After a pair of wins last week, one unimpressive and one very impressive, BYU continues to survive without Yoeli Childs. Here are a few things BYU hoops is doing well and things they can improve on.
We have a few actions built into our offense that are giving defenses fits right now. Hitting a single high post with cutters was a staple for us last week.
Dalton has three looks here. First Jake’s back cut is switched out between the SUU defenders but as Zac comes to cut off Dalton into a fake screen, his defender stays home anticipating another switch. From there it’s an easy slip to an open layup. Beautiful basketball here.
While a lot of our cutting options have been working well, we haven’t seen as much success with screening people open. Here we have a play that we use to try and get Jake a catch on the block.
Two things result in Jake not being being able to get a catch on the block. First, Kolby doesn’t adjust his screen at all. Often, as a big, you have a half second to shuffle over a little and still set a quality screen but Kolby doesn’t do that here. Second, Jake just runs straight through without trying to set up his man. This is something I’ve seen hamper our offense quite a bit but we occasionally get it right.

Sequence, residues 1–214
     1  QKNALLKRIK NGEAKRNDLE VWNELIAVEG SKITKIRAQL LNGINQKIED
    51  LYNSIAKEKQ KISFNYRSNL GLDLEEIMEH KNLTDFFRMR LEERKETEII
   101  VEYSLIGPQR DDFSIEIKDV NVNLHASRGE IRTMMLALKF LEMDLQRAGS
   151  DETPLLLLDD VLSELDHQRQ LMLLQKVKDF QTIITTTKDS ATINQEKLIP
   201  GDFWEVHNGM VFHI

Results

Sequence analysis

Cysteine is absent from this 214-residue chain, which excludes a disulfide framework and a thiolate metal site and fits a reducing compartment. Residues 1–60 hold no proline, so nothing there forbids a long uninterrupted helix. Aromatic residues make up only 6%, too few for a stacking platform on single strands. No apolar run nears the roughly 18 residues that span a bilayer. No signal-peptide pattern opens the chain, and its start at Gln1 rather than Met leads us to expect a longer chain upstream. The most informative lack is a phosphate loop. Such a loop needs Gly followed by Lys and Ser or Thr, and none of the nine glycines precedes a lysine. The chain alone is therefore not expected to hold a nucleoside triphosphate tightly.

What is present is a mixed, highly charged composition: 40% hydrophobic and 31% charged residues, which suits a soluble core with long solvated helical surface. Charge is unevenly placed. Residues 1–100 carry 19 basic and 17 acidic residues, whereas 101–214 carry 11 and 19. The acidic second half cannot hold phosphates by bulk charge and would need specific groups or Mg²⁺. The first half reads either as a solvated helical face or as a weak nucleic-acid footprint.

Notice Dalton slightly adjust his screen and Jake gives just a small hesitation. The result is a catch in his spot and a bucket.
Passing up Threes
Our offense is built on an age old inside out basketball principle. Being so small we achieve this through drives and kicks, but sometimes we fall in love with the drive a little too much.
Here we have great penetration leading to a drift pass on the baseline. TJ has a pretty good look but opts to drive again, hitting a wide open Zac with a skip pass. Instead of just pulling the three, Zac drives, the momentum stalls, and the defense can reset. The end result is a highly contested two pointer. I would have been perfectly fine if TJ or Zac shot it. This offense is built to produce these types of good looks at the three, so we should take more of these open ones.
Coach Pope has mentioned multiple times that they spent most of the summer working on defense and it shows. Check out the double then the rotation out of it on this play.
On the double team, everyone zones up off their defender well. Jake knows he has first pass out so he shades there and Connor takes Jake’s man who is cutting down the middle. On the pass out, Alex switches up to Connor’s man to discourage a fast reversal and Evan is told by pretty much everyone to recover to the weak side. It’s awesome to see this level of execution.
Every box score has a category for a “Team Rebound” which happens when the ball is knocked out of bounds on the rebound. Against Houston we had 5 team rebounds, here’s one of them.
The great part about this rebound is the focus everyone has on securing the glass. All four off-ball players make contact with their man and even though no one secures the rebound for themselves, the concerted effort produces the desired result.
Some years ago, when Roy Hibbert was still a big deal, the term “verticality” really started gaining traction. This is basically jumping straight up in the air as a defender to contest an attempt but avoid fouling. This seems to be a focus of our current staff as every player on the roster is doing this well.